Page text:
In computational biology Chris introduced a first-principles structure prediction method, ASTRO-FOLD, for helical and beta-sheet topology; invented new methods for NMR structure refinement based on atomistic modeling; and pioneered de novo design strategies for peptides and proteins. His first-principles approach to the latter led to the design of an inhibitor with 45-fold improvement over compstatin, the best-known complement inhibitor; Phase I clinical trials were successfully completed by Potentia Pharmaceuticals for age- related macular degeneration.
More recently, he developed very-large-scale supply chain models for hybrid feedstock for energy for converting coal, biomass, and natural gas to gasoline, diesel, and kerosene. This work, based on multiscale modeling and incorporating materials considerations for the various energy technologies,7 received a great deal of attention as it addresses the US supply chain. It was also to a large extent the basis for his appointment as director of the Energy Institute at Texas A&M.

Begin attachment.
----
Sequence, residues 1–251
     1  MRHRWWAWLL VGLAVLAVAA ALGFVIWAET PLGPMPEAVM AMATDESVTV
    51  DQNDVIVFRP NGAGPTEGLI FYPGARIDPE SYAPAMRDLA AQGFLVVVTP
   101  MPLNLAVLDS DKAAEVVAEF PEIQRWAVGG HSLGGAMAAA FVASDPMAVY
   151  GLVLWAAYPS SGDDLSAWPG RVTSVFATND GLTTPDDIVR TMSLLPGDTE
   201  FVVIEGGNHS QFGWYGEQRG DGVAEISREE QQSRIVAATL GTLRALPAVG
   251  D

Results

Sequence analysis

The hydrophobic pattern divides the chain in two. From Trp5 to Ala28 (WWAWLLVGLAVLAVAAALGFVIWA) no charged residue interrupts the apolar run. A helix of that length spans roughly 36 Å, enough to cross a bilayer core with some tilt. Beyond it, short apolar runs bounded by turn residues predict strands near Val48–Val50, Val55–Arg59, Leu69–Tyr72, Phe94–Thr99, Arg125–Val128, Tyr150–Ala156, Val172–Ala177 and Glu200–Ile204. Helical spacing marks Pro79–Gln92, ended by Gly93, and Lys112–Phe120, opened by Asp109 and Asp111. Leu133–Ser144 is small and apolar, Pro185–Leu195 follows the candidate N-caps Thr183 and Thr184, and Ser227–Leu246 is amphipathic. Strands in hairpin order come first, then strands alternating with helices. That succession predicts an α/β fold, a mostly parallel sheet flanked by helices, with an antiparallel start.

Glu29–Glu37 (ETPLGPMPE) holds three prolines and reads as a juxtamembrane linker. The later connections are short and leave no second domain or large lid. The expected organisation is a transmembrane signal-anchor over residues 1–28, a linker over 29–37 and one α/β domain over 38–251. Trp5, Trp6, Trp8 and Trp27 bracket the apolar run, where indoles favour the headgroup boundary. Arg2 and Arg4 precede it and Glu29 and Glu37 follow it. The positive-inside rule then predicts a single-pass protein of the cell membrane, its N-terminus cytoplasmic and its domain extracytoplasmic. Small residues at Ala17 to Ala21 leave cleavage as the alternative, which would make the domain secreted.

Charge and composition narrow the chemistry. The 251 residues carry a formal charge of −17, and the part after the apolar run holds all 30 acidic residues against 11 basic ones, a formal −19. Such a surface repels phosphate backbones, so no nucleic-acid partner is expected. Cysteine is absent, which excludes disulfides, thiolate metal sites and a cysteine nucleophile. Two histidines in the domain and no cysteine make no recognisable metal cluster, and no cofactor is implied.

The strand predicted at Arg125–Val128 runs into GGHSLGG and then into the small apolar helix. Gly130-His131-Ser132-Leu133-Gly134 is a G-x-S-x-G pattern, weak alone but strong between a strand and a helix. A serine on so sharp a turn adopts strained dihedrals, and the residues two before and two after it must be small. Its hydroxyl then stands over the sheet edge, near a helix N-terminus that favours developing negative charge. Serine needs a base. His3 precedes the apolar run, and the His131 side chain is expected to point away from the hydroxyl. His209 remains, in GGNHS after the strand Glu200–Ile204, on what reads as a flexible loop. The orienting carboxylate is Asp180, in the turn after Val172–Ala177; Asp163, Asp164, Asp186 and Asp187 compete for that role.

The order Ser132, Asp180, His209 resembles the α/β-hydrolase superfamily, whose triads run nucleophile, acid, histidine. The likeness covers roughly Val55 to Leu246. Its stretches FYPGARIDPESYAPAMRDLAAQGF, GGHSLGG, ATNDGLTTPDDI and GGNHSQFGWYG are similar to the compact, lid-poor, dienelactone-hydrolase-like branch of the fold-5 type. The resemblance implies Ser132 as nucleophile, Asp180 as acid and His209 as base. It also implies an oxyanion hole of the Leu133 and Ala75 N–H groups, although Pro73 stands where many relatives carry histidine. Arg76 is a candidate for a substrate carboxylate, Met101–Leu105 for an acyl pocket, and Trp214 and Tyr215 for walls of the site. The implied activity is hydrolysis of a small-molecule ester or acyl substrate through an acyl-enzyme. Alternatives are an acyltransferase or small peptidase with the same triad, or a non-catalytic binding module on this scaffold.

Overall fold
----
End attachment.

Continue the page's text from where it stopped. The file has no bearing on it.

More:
Chris gave many keynote talks at major international meetings, was prolific in writing papers (over 350 publications), and was the author of two graduate textbooks, Nonlinear Mixed-Integer Optimization (Oxford University Press, 1995) and Deterministic Global Optimization (Kluwer Academic Publishers, 2000). He also coedited the Encyclopedia of Optimization (with Panos Pardalos; Springer, 2008) and ten monographs/books. His publications have been cited tens of thousands of times.8